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"Baron De Gauville, "chef de bataillon" of the French 1st Infantry Regiment", 1822/23
FINAL DISCOUNT PRICE= 2250 USD
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The sitter in this miniature is a "chef de bataillon" (note the single epaulette with thick frings on his left shoulder and contre-epaulette on the right one) of the 1st Infantry Regiment (white collar and yellow buttons impressed with number "1"). On verso of the miniature, one finds an old inscription - "Adolphe Francois (sic!) Charles de Gauville, "chef de bataillon" au premier de ligne, ne en 1789 (sic!), mort en 1823...".
From 1815 to 1822, de Gauville served in captain's rank, in the 6th Infantry Regiment of "garde royale". In the last days of 1822 or early 1823 (in any case, before the onset of the Spanish Campaign of 1823 - CLICK HERE), he was transferred from Guards to the army - into the 1st Line Infantry Regiment ("premier de ligne" in legend on verso), and was consequently assigned the corresponding army rank of "chef de bataillon" (such transfers were common practice).
Several months later, on August 11, 1833 (his regiment partook in Spanish Campaign), he was killed in combat near town Baza, in province Granada.
It is highly likely that de Gauville ordered this miniature (perhaps, as a farewell gift to family) shortly before his departure to Spain.
In this portrait, he is decorated with Chevalier Cross of Royal Order of St. Louis (awarded on August 16, 1820), the badge of (introduced in April 1814 by the Bourbons) "Decoration of The Lily" and the Chevalier Cross of Legion of Honor (awarded on November 19, 1813).
Baron Adolphe-Joseph (not Francois!)-Charles de Gauville was born on February 5, 1788 (and not 1789, as the legend on verso implies) in St-Germain-en-Laye, department Yvelines (ca 20 km from Paris) as the son of Louis-Henri-Charles de Gauville, baron de la Foret (see our image nr.10), lieutenant of "garde du corps de Monsieur" (personal guards of Comte d'Artois), Justice of the Peace (and later Mayor) of St-Germain-en-Laye and, what's more, a member (1789) of the General Assembly (French Parliament). His mother's name was Catherine de la Plaigne.
According to traditions of both, his paternal and maternal families, de Gauville settled on a military career and in 1802, joined "Ecole militaire" in Fontainebleau (one of his genealogists suggests it was École spéciale militaire de Saint-Cyr in Coëtquidan, Bretagne).
In 1806, he graduated from the military school in the rank of a "sous-lieutenant" (2nd lieutenant) with appointment into the 54th Line Infantry Regiment.
In ranks of this military unit, he partook in campaigns of 1802/03 and 1806-1812 (Spain) and 1813 (Saxonian Campaign). In 1807, he was promoted to lieutenant (1st lieutenant); in 1811 - to captain.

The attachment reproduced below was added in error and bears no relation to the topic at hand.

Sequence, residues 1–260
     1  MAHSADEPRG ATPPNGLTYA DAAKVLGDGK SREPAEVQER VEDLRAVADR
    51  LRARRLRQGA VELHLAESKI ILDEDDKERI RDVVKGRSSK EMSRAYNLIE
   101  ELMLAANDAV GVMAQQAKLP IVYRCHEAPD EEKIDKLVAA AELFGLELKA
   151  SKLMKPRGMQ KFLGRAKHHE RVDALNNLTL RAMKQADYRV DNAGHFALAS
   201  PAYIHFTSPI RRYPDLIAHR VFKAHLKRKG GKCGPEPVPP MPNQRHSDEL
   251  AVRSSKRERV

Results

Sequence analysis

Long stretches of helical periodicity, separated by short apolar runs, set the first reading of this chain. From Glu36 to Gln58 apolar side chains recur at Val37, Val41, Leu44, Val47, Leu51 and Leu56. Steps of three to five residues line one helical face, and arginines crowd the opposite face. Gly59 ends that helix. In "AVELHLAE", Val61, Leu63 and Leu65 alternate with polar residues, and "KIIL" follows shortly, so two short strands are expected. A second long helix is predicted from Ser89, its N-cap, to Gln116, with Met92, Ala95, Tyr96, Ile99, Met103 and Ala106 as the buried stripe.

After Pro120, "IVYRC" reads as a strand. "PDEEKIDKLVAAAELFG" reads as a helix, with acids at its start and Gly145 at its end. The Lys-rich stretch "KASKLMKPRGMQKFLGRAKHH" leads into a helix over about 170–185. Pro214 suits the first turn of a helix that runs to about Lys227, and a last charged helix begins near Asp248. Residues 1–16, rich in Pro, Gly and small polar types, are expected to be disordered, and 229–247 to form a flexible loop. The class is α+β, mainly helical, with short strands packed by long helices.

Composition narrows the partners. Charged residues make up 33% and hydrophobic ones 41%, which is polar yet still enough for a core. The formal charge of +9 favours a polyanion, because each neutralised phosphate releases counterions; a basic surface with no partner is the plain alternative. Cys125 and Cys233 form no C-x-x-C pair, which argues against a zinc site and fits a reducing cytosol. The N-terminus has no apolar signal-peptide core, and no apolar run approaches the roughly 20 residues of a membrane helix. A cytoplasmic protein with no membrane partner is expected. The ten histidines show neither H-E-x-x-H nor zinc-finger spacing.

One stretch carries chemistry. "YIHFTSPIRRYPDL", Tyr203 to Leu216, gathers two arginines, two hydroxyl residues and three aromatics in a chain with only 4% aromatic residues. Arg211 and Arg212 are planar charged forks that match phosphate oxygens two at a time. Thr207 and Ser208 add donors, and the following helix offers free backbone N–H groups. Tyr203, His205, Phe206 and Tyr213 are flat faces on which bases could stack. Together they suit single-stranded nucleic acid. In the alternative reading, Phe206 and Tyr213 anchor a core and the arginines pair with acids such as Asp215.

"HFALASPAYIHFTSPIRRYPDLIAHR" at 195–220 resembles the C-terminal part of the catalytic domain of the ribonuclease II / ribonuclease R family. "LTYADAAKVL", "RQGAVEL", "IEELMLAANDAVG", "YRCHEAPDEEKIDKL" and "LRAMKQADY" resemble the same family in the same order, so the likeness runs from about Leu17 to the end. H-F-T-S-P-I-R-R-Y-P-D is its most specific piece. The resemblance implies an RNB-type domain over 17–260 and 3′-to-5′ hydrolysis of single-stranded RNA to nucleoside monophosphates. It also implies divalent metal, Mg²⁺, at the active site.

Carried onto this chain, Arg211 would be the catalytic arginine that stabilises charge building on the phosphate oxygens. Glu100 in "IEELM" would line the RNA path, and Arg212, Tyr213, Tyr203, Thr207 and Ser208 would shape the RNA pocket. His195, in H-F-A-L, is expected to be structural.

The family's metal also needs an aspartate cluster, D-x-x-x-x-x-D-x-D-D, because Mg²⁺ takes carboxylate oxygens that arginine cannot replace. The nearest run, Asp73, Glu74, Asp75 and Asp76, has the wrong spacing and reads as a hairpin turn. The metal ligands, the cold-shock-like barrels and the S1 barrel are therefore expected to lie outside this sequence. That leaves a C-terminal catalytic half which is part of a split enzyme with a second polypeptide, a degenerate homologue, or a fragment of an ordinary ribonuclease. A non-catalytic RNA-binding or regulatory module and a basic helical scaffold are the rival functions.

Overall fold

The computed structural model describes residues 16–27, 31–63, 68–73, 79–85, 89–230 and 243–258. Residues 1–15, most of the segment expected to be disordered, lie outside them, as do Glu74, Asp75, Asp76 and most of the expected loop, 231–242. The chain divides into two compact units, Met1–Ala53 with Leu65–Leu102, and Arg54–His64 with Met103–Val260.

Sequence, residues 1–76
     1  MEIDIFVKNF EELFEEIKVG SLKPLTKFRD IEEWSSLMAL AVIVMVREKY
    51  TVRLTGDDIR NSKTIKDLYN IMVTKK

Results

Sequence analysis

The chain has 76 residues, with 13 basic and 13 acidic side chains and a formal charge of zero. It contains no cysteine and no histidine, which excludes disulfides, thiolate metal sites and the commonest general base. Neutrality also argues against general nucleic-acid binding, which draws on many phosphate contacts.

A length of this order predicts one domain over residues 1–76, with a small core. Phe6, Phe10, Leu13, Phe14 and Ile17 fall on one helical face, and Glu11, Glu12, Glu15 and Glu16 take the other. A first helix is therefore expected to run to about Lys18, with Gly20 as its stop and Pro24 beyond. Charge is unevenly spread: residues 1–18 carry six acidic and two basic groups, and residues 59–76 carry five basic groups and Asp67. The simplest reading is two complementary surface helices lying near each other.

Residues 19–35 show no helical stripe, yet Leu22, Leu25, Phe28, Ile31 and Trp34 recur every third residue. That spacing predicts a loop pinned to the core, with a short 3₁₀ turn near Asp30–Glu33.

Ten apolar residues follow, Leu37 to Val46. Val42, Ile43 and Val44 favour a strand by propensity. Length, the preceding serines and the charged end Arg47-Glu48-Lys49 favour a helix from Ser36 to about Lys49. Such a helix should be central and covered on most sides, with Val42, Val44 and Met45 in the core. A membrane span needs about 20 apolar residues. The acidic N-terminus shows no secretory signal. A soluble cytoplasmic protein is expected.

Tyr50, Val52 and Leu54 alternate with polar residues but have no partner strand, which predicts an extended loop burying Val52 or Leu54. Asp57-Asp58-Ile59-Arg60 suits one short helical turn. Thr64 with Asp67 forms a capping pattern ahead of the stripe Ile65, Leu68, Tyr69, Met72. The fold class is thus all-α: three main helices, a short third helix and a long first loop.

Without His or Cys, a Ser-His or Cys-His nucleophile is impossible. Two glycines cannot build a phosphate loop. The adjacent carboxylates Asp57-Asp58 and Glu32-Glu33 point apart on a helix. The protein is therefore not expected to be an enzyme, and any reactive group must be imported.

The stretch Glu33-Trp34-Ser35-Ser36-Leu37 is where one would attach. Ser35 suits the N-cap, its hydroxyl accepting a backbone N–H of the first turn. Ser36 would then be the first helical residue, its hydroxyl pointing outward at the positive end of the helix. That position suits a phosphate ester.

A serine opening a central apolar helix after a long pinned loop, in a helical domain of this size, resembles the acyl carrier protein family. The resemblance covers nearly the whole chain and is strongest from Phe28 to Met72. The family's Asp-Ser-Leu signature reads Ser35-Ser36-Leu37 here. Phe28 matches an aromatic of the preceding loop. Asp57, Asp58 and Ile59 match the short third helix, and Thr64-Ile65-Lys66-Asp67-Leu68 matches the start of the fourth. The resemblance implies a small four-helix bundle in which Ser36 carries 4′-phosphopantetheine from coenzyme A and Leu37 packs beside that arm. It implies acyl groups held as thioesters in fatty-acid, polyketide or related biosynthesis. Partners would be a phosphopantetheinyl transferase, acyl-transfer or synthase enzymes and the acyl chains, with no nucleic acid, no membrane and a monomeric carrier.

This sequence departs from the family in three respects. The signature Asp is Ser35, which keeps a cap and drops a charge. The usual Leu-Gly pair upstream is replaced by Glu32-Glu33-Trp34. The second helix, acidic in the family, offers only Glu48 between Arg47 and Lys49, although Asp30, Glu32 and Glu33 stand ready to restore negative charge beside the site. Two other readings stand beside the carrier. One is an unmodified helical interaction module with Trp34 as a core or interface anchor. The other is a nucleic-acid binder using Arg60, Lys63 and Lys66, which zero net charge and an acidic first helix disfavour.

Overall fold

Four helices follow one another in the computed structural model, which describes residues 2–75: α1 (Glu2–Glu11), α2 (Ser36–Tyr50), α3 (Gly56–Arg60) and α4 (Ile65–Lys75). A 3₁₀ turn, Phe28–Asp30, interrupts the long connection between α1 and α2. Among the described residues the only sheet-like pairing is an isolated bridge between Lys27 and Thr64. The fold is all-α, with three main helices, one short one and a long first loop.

On July 21, 1814 (First Bourbon Restoration), he was transferred into the 50th Line Infantry Regiment. His next transfer was on October 28, 1815 - he became a captain of the Guards, namely the 6th Infantry Regiment of "garde royale". As already mentioned, in late 1822, he came back to the army, into the 1st Line Infantry Regiment.
Today, among military historians, he is mostly known from his memoir (narrated from(once-published) article) on "Gallica" - the digital library of Bibliothèque nationale de France - CLICK HERE; which tells of de Gauville's misadventures in the period between October 1813 and May 1814.
In ranks of the 54th Regiment, he took part in the Battle of Leipzig, was seriously wounded on October 18, 1813, and invalided into field hospital, which was next day captured by the Russians. He remained in this hospital for the next several months (miraculously escaping dispatch to Russia as a war prisoner). In May 1814 (end of the First Empire), he was released and returned to France.
It is interesting to note that the certificate awarding him the Chevalier Cross of Legion of Honor was signed by Napoleon, in spite of his capture by the Russians, on November 19, 1813.
In this miniature painted in 1822/23, de Gauville is 35 years of age. In August 1823, he left his wife Marie Euphrasie, nee Rameau, a widow, and his son Arséne Louis Charles, marquis de Gauville (b.1821) - fatherless.
Provenance: private collection, Lyon / France
Condition: fairly good; in original frame
Creation Year: 1822/23
Measurements: UNFRAMED:7,2x7,2cm/2,8x2,8in FRAMED: 13,5x13,2cm/5,3x5,2in
Object Type: Framed miniature
Style: Portrait Miniatures
Technique: watercolor on ivory
Inscription: verso: old legend
Creator: French School
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